Whisky is a mysterious drink to many people around the world. While the drink is progressively getting popular, especially in Southeast Asia, China, and parts of Southern America, many people are still wary of whisky. Some of the most arguable points in whisky are possibly how to drink it, when to drink it, at what age should you start appreciating whisky and what sex you have to be if you want to drink whisky.

              All these myths are negative ideologies that give reasons why people should NOT drink whisky. To drive home the point, you just need to examine the parts of the world where whisky is getting popular, and you will see that those areas do not subscribe to whisky myths like those above. That is possibly the only real reason why whisky is so popular in these countries.

              Whisky is not an elitist drink, neither is it a drink just for men. It is a complex and flavourful drink that can impress even the most knowledgeable man and woman. Let’s see some of the whisky myths and blast them away with facts!

              Whisky is old-fashioned

              Maybe the scenes of old movies in which a group of men in tweed suits, holding glasses of golden spirits and muttering to one other about peat and flavours come to mind whenever you think about whisky? It is considered as old-fashioned, irrelevant and unable to catch up to the modern world. However, if you would just look at the whisky bars that are springing up one after another in Singapore today, and you will realise that more and more young people are starting to appreciate the complexity of the drink. Just as the clubs are mixing whisky cocktails for the party-goers, the whisky bars of the modern world are serving up drams of excellent whiskies in almost any way that it can be drank – neat, with an ice ball, with ice cubes, with water, or perhaps as a highball. Whisky is not old-fashioned, but our mindset might be.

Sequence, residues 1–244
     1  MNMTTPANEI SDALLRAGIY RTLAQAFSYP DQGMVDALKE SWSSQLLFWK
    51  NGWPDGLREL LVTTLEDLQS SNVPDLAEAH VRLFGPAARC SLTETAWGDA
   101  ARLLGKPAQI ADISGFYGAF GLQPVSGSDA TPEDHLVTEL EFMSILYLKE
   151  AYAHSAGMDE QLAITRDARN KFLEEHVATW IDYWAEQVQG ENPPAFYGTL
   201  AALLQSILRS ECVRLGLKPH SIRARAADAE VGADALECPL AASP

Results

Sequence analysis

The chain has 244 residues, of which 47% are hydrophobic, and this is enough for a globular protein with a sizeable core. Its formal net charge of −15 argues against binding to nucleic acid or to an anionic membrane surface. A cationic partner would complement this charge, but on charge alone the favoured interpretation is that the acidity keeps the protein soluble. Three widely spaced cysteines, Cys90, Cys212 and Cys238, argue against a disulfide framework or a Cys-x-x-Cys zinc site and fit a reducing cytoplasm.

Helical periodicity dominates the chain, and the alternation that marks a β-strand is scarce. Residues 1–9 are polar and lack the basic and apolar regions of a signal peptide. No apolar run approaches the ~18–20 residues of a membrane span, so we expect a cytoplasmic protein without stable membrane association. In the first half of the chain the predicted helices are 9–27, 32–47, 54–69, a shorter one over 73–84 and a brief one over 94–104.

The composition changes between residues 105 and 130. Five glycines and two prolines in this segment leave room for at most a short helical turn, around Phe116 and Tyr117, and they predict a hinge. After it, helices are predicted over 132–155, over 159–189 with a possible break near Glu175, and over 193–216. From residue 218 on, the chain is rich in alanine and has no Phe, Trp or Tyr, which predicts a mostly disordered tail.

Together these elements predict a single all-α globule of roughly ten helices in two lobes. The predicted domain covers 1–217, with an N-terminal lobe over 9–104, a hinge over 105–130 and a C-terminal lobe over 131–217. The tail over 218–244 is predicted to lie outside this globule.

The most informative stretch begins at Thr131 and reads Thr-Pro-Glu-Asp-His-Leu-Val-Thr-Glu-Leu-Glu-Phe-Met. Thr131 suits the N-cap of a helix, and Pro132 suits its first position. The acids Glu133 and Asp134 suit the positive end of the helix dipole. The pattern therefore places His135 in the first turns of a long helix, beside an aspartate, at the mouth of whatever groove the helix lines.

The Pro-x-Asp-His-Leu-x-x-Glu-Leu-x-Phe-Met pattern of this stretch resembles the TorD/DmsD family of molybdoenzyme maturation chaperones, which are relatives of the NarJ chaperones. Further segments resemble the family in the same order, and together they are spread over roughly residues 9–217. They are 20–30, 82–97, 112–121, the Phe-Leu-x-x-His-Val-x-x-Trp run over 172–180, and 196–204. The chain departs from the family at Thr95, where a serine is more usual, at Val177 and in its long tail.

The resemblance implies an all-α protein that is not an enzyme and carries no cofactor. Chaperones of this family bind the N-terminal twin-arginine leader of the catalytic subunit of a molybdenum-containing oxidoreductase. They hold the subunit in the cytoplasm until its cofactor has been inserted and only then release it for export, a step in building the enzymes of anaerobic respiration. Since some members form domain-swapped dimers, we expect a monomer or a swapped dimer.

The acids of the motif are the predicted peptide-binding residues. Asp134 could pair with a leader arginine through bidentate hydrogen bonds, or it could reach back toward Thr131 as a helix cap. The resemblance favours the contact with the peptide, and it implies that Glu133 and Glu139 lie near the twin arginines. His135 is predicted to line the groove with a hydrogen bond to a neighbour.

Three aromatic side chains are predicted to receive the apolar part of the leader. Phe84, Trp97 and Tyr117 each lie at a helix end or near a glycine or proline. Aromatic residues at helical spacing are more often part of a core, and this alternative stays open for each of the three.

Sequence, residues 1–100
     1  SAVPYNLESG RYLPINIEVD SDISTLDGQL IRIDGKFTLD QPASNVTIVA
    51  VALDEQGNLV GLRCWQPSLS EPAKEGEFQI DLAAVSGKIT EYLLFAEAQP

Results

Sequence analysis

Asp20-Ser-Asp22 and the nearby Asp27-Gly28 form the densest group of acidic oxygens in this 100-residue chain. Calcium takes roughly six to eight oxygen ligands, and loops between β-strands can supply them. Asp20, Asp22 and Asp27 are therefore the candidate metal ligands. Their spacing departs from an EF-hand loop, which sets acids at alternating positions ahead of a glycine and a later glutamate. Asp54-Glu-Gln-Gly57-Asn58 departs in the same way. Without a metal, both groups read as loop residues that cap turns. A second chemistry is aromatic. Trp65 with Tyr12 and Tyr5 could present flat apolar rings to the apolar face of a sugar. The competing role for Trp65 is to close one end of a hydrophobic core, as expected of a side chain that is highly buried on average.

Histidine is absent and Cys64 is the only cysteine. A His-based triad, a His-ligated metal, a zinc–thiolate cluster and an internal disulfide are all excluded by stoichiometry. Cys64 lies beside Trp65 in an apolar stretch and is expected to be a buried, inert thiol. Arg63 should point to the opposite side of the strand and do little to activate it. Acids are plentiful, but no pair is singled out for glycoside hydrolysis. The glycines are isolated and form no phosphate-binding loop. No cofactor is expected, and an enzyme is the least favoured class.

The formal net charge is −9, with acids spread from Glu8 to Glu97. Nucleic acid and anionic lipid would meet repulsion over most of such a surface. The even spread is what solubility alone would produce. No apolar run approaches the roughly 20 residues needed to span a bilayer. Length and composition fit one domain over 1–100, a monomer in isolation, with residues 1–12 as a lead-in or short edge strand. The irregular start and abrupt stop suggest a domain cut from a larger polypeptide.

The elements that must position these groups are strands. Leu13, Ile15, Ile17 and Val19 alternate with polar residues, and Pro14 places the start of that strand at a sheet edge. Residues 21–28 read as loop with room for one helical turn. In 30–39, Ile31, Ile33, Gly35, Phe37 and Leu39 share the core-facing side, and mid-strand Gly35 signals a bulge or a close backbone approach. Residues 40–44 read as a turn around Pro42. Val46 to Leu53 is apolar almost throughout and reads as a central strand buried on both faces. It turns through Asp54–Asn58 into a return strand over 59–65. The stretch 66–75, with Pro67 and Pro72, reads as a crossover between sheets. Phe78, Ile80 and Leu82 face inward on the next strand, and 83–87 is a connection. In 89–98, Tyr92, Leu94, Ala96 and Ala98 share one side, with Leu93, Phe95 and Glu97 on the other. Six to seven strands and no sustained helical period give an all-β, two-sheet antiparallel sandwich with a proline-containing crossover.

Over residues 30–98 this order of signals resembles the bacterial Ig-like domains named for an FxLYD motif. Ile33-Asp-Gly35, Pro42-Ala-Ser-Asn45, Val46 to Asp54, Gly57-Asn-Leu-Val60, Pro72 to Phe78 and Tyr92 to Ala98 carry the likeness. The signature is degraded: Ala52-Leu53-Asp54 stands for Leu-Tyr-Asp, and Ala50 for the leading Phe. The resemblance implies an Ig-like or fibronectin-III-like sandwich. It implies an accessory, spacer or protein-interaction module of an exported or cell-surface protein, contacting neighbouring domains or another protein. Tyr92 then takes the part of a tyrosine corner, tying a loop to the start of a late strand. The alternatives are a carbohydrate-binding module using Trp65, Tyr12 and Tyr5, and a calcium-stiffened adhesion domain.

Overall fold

Whisky is too strong a drink for women

              That is probably a sexist remark in today’s world. If you walk into a whisky bar today, you may find that many of the knowledgeable bartenders are women. If women are too weak for whisky, why are the bartenders women? To entertain the men? Absolutely not! You will be surprised at what these women bartenders drink if you dare to ask! Besides, there are many women now who enjoy whisky, and possibly drink more than the men. Whisky is for everyone, and definitely not a drink exclusively reserved for men.

              Whisky should be drunk neat

              This is furthest from the fact. Whisky is a versatile drink. It can be drunk neat, but it can also be enjoyed with a splash of water, with an ice ball, with ice cubes, as a cocktail and as a highball. There are so many people in this world who does not know that whisky can be drank in any of these forms! Some old timers are so fixated on drinking it neat that they did not fully appreciate what a dash of water can do to open up the flavours of their well-loved whiskies. Newcomers are usually put off by the sharp taste of whisky when drank neat. Without knowing that whisky can be drank in other ways, these people tried whisky once and never try it again. Isn’t that a perfect waste?

              Whisky is an after-dinner drink

              Whisky might be an after-dinner drink during the Victorian era, where gentlemen retired to the gentlemen’s den for whiskies and cigar, while the ladies return to their chit-chats in the parlour. It is however, the 21st century now, and hardly anyone ever drink whisky after dinner due to the drink-no-drive policies and reluctance of restaurants to serve digestifs after dinner. This makes whisky a drink that can be drank before dinner, at parties and as a late night snack! Just ask those whisky lovers around the world!